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Sister, Insider: A Nod to the Black Femme Experience

Journeying through our light and shadows with wisdom from Audre Lorde’s “Eye-to-Eye: Black Women, Hatred, and Anger”

Photo credit: Jessica Felicio on Unsplash

By Mariah Emerson

AUG 3 2020 │ 10 min. read

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I read “Eye to Eye: Black Women, Hatred, and Anger” by Audre Lorde with tears streaming down my face. In a climate where it feels many would rather talk about the myth of “Black-on-Black” crime over the horrid and inhuman treatment of Black bodies in Amerikka, there hasn’t been much space for me to discuss the intersection of Black femmehood, trauma, and our relationships with one another.

I begin this very ongoing conversation with a note: This piece is NOT for those who are willing to argue that Black-on-Black crime is a valid and legitimate thing. It is not. It is not for people who don’t share the experience of Black woman or femmehood. It is not for the white ally looking to “understand the Black experience in order to increase their own ‘empathy.’”

This is for us: the Black bodies who’ve been met with the complex, beautiful, heavy, and multifaceted experience of being a Black woman or femme in the United States. It’s for Black trans women, Black cis women, Black queer folks, femme-adjacent non-binary folks, and the likes. I make this very clear because no amount of reading or webinars could demonstrate what it’s like to be us. So this piece is not to educate. It is to affirm, to question, to exist.

As a queer, Black woman, intersectionality is an unavoidable reality. I’ve seen how homophobia, racism, misogynoir, sexism, and other manifestations of hatred and oppression affect the way that I move about and against the systems invented to diminish my sense of power and light. In a world where people murder Black women while we sleep in the comfort of our own homes (#justiceforBreonnaTaylor), it is easy to question the legitimacy of phrases such as “safe space.” While my Black trans siblings continue to show up in a world that is too buried in its own shadows to give basic human decency and respect to a community that fights for the rights of all, I ask, “What is a ‘safe space’ for a Black woman or femme person in this country?”

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Of course, this offers a beautiful opportunity for us to create healing resources for Black women and femmes across the board—and we’re doing that work. We’ve been doing that work. But what about the shadow side? What about the parts of us who were raised to hate ourselves, and thus, each other. The contempt which Lorde notes when she looks into the eyes of a fellow Black woman at the library is one that I’ve seen before. I’ve felt it. I’ve received it. I’m sure I’ve been the woman with the look myself.

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Great question, Audre. And a relevant yet unresolved one at that. You were writing this piece in 1983, I am here today as a twenty-five-year-old in 2020 still asking the same question.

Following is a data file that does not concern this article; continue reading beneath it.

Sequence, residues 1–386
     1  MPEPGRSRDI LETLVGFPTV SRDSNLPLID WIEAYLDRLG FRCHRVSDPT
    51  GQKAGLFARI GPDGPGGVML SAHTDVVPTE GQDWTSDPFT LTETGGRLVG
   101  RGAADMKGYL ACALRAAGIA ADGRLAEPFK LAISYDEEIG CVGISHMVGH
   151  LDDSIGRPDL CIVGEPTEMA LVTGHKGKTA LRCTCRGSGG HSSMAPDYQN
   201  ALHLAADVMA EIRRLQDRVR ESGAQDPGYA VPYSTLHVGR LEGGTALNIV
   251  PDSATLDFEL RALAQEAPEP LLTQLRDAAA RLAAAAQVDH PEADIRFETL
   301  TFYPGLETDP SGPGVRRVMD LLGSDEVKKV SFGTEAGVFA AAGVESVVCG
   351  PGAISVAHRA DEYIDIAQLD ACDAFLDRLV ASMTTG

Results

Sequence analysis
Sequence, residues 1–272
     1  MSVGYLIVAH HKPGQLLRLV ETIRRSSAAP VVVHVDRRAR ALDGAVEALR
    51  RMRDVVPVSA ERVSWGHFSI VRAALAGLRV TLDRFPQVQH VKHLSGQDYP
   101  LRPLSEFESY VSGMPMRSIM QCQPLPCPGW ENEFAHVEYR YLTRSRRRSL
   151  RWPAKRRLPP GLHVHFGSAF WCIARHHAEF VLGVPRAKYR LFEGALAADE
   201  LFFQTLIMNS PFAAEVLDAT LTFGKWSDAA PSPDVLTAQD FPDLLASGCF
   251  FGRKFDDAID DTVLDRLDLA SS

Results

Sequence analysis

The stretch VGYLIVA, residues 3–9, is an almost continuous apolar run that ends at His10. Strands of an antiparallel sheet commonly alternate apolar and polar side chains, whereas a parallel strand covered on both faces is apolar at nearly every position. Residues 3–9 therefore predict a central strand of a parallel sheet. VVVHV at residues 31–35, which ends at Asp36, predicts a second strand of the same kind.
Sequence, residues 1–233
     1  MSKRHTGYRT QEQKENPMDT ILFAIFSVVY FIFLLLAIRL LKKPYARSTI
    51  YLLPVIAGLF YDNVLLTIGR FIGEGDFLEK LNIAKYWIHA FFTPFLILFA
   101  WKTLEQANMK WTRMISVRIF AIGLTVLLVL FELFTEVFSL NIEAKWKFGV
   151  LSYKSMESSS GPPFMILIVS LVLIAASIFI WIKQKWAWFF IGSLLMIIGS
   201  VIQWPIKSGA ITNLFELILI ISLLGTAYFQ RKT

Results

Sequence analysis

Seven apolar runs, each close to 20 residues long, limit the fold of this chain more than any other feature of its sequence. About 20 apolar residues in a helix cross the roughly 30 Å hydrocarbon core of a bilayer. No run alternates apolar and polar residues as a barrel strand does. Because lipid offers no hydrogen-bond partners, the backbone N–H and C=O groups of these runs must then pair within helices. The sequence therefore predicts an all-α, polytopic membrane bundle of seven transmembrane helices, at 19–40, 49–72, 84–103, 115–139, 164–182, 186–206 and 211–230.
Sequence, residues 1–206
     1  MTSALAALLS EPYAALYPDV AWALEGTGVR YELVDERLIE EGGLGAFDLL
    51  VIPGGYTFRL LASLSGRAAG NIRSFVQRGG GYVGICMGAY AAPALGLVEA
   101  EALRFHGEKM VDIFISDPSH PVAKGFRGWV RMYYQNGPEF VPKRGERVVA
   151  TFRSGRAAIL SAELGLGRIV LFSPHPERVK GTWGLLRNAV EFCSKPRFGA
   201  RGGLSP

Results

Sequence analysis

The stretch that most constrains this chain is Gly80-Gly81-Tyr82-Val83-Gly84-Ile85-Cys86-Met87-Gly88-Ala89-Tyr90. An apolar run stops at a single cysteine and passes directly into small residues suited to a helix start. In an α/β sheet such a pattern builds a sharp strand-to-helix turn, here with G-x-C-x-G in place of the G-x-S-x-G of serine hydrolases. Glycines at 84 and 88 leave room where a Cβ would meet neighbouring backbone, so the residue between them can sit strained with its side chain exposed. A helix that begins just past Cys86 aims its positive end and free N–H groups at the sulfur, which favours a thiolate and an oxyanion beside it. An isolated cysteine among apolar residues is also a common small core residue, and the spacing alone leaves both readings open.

As I read “Eye to Eye,” I envision all of the relationships to Black women that I’ve formed and dissolved over the years. The Black women and femme friends I’ve broken up with, ex-bosses who I’ve had to leave, and the lovers I’ve held and released who still hold a heavy and deep place in my heart. These relationships served as a stepping stone to the coming into myself that I’m still discovering. I felt seen in these relationships, but even a shared identity did not prevent them from becoming tempestuous. Some of these relationships I am still unpacking in therapy today. I find myself asking how it’s possible that we show our darkest, nastiest sides to those we hold so closely not only in our hearts, but in our experiences.

Great question, Audre. And a relevant yet unresolved one at that. You were writing this piece in 1983, I am here today as a twenty-five-year-old in 2020 still asking the same question.

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As I read “Eye to Eye,” I envision all of the relationships to Black women that I’ve formed and dissolved over the years. The Black women and femme friends I’ve broken up with, ex-bosses who I’ve had to leave, and the lovers I’ve held and released who still hold a heavy and deep place in my heart. These relationships served as a stepping stone to the coming into myself that I’m still discovering. I felt seen in these relationships, but even a shared identity did not prevent them from becoming tempestuous. Some of these relationships I am still unpacking in therapy today. I find myself asking how it’s possible that we show our darkest, nastiest sides to those we hold so closely not only in our hearts, but in our experiences.

ACKNOWLEDGEMENTS

Thank you to the Black women who supported me in reading, reviewing and enhancing this piece: Barbara Darko, Ambernechole Hart, and Brinkley Moore. I am grateful for our collective power.


Special mention of gratitude to Jessica Felicio—the photographer on the cover photo of this piece. I was immediately drawn to this shot, and then I read its description:


“I lost my twin and sometimes I wonder what life would be like with her, so I Photoshop myself and create photos that I wish I could take with her.”


I knew immediately that I’d chosen the right photo to illustrate these points. Thank you, Jessica.